CRT mold

From: Loboyko Steve <>
Date: Sat Feb 12 19:18:19 2005

Sellam Ismail wrote:

>One of the folks
>here (I forget who it was) fixed a monitor with this
>problem by using a heated wire to remove the
>protective outer laminate and replace it

That was me. As dangerous as this was, I did take some
safety measures; firstly, I made a plywood box in
which to mount the CRT face up. (Needless to say, I
wore a heavy long-sleeve coat, safety glasses and a
hat at all times.) Then, I used nichrome wire
(obtained from a hobby shop used in cutting foam),
powered by +12 from an AT power supply as the cutter.
Wooden handles with screws mounted in them held the
wire as I cut through. I adjusted the length of
nichrome to get just under dull red hot (having a
high-current adjustable power supply would have been
better). I worked pulling up towards the faceplate in
order to avoid heating the face of the CRT, which
might have had "undesirable results".

I'm almost sure that some sort of optical quality RTV
was used. It came off easily with acetone - so easy,
that it might even be possible to remove the plate if
you could suspend the tube in an acetone bath face
down for a while.

Upon close examination, I'm certain that what these
tubes experience is mold - the same type of mold that
gets into the double-pane glass used in homes. This
type of mold is actually capable of etching glass!

I reattached the plate with optical (for aquariums)
RTV, around the edges. It dried amazingly bubble-free
and clear. However, this was not in the masked down
field of the 2644A as installed.

The tube came out very well, because the tube didn't
seem to have any serious phosphor burns to begin with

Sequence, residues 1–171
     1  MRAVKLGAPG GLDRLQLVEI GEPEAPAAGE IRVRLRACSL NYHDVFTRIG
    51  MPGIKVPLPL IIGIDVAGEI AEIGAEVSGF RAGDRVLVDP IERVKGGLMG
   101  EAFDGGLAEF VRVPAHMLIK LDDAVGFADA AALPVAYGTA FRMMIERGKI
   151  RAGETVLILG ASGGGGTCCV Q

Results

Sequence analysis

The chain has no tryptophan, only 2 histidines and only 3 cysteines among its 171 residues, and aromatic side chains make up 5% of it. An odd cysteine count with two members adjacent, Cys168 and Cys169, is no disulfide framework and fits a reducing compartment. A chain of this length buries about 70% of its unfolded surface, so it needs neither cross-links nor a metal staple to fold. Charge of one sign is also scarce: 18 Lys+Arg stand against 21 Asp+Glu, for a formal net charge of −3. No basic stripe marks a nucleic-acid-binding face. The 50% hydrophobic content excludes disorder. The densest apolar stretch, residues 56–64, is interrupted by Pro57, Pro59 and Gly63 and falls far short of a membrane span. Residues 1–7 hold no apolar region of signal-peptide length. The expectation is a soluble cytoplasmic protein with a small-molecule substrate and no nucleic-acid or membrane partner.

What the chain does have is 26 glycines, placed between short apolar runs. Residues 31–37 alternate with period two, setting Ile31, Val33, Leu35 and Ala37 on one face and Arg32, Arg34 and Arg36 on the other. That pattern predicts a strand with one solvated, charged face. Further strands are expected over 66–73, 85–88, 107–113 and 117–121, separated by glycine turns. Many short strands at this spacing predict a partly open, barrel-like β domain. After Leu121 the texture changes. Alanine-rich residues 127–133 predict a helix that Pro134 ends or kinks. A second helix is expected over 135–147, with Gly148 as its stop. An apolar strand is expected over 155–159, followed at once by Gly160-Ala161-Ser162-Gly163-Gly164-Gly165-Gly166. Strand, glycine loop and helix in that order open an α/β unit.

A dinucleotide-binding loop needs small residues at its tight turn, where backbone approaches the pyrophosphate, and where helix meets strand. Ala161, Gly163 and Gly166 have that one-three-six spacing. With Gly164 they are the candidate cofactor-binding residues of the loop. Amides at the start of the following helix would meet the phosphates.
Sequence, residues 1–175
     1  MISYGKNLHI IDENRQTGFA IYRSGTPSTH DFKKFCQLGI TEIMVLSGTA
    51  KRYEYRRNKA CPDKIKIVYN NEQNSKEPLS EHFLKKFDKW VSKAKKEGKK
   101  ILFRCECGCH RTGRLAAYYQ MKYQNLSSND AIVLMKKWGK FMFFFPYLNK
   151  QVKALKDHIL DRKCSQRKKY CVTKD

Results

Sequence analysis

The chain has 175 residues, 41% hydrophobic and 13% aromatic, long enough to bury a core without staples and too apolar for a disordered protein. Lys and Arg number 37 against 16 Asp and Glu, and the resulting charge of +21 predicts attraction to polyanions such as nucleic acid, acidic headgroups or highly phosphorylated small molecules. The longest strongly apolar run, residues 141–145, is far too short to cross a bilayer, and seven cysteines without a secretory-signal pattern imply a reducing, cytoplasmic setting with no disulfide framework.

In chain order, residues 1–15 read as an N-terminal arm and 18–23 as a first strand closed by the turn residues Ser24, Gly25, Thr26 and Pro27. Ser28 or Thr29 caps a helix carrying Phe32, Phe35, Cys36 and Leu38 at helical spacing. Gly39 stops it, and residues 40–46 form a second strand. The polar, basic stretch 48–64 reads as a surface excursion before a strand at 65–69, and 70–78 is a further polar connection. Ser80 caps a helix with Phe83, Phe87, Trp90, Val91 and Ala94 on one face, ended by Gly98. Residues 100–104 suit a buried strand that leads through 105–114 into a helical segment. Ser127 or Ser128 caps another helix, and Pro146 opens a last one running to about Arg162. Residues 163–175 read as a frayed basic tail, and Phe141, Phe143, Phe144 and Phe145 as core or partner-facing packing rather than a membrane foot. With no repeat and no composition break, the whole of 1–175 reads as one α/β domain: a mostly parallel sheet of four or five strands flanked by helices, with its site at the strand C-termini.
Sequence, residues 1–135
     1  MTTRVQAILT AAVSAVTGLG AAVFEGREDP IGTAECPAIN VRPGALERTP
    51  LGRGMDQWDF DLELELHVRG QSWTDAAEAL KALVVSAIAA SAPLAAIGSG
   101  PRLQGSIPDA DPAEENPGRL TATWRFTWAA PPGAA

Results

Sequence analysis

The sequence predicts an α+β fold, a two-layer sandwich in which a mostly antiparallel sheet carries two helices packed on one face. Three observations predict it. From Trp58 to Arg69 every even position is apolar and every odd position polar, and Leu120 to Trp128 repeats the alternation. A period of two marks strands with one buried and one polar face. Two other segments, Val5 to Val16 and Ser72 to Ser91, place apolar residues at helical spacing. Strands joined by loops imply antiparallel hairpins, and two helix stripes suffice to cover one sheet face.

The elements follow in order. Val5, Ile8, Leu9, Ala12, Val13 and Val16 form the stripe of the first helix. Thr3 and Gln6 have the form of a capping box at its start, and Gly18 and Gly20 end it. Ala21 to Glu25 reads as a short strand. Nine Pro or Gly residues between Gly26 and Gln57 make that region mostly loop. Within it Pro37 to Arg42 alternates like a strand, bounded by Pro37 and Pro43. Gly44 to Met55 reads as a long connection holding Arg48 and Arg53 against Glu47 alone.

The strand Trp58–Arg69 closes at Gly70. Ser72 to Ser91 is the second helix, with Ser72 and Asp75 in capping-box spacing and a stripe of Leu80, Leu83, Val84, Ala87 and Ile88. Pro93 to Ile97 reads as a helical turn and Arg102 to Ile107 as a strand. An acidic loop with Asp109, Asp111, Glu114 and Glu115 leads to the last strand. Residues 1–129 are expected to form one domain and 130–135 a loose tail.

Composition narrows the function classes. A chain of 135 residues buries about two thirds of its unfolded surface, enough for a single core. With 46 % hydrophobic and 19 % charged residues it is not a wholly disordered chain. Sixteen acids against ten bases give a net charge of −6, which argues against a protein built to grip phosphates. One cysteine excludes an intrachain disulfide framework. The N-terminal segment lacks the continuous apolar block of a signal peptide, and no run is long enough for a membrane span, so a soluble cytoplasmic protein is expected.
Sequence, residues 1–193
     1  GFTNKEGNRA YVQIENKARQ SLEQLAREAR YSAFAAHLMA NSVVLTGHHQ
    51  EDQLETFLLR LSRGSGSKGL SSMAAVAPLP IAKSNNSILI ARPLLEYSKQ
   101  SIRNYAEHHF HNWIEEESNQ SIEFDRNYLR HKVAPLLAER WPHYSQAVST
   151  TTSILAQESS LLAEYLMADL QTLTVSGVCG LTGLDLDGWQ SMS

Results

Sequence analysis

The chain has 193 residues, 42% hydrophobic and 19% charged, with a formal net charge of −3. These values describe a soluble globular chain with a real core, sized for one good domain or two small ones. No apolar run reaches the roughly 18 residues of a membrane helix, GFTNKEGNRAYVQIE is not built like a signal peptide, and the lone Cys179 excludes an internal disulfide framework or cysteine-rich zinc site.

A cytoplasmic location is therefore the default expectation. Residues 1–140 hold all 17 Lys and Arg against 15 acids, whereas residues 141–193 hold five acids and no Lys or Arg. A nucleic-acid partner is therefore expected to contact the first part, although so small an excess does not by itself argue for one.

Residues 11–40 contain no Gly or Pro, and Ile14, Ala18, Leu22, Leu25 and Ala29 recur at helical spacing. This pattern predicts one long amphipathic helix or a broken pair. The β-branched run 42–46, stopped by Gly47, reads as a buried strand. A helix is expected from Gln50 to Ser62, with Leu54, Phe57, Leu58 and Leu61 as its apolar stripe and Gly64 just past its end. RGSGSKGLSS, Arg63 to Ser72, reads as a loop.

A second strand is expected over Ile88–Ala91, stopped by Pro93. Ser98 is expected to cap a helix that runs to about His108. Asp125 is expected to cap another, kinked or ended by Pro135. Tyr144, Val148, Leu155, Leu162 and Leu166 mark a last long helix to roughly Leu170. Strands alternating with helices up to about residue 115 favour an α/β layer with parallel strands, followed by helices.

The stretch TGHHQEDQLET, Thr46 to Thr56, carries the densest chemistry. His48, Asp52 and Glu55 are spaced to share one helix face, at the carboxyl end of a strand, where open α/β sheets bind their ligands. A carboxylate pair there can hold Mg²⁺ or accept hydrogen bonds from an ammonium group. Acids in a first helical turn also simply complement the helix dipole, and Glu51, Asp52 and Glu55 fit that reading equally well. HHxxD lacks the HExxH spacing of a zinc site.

(no screen saver on early terminals). I would examine
a tube for this very closely before even contemplating
this desparate task. I think that there is some valid
question as to whether this tube is as "safe" as it
once was. I will say that the face of the CRT itself
seemed quite thick (it would have to be, anyway). It
may be that the bonded-on plate is an extra measure of
safety or simply for anti-glare purposes.

I should mention, that the ADM-3A tube is fairly easy
to obtain and fairly cheap (I paid maybe $45 USD
shipped from a year or two
ago for each of my two units). You need to get a part
number off of the tube, because my two ADM's used
different CRT's. Naturally, I used original white
phosphor, although they did have interchangeable amber
and green. I have (do at your own risk) replacement
instructions on my website.

Incredibly, had NIB
replacements for the HP terminals about a year ago,
but they were $250!!

-Steve Loboyko

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Received on Sat Feb 12 2005 - 19:18:19 GMT

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